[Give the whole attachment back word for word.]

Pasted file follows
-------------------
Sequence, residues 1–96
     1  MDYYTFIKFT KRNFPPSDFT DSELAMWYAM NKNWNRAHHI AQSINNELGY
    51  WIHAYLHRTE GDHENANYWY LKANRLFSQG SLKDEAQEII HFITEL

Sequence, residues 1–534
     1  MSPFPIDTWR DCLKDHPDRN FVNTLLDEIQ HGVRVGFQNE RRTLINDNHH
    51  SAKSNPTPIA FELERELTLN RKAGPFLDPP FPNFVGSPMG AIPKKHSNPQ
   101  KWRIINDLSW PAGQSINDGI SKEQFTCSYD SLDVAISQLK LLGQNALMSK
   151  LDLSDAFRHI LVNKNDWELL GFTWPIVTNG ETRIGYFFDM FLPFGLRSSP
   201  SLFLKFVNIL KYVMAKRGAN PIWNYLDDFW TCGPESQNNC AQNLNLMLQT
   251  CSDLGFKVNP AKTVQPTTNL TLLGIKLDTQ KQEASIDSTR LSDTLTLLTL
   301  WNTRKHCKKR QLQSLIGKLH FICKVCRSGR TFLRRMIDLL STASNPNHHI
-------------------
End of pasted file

Sequence, residues 1–96
     1  MDYYTFIKFT KRNFPPSDFT DSELAMWYAM NKNWNRAHHI AQSINNELGY
    51  WIHAYLHRTE GDHENANYWY LKANRLFSQG SLKDEAQEII HFITEL

Sequence, residues 1–534
     1  MSPFPIDTWR DCLKDHPDRN FVNTLLDEIQ HGVRVGFQNE RRTLINDNHH
    51  SAKSNPTPIA FELERELTLN RKAGPFLDPP FPNFVGSPMG AIPKKHSNPQ
   101  KWRIINDLSW PAGQSINDGI SKEQFTCSYD SLDVAISQLK LLGQNALMSK
   151  LDLSDAFRHI LVNKNDWELL GFTWPIVTNG ETRIGYFFDM FLPFGLRSSP
   201  SLFLKFVNIL KYVMAKRGAN PIWNYLDDFW TCGPESQNNC AQNLNLMLQT
   251  CSDLGFKVNP AKTVQPTTNL TLLGIKLDTQ KQEASIDSTR LSDTLTLLTL
   301  WNTRKHCKKR QLQSLIGKLH FICKVCRSGR TFLRRMIDLL STASNPNHHI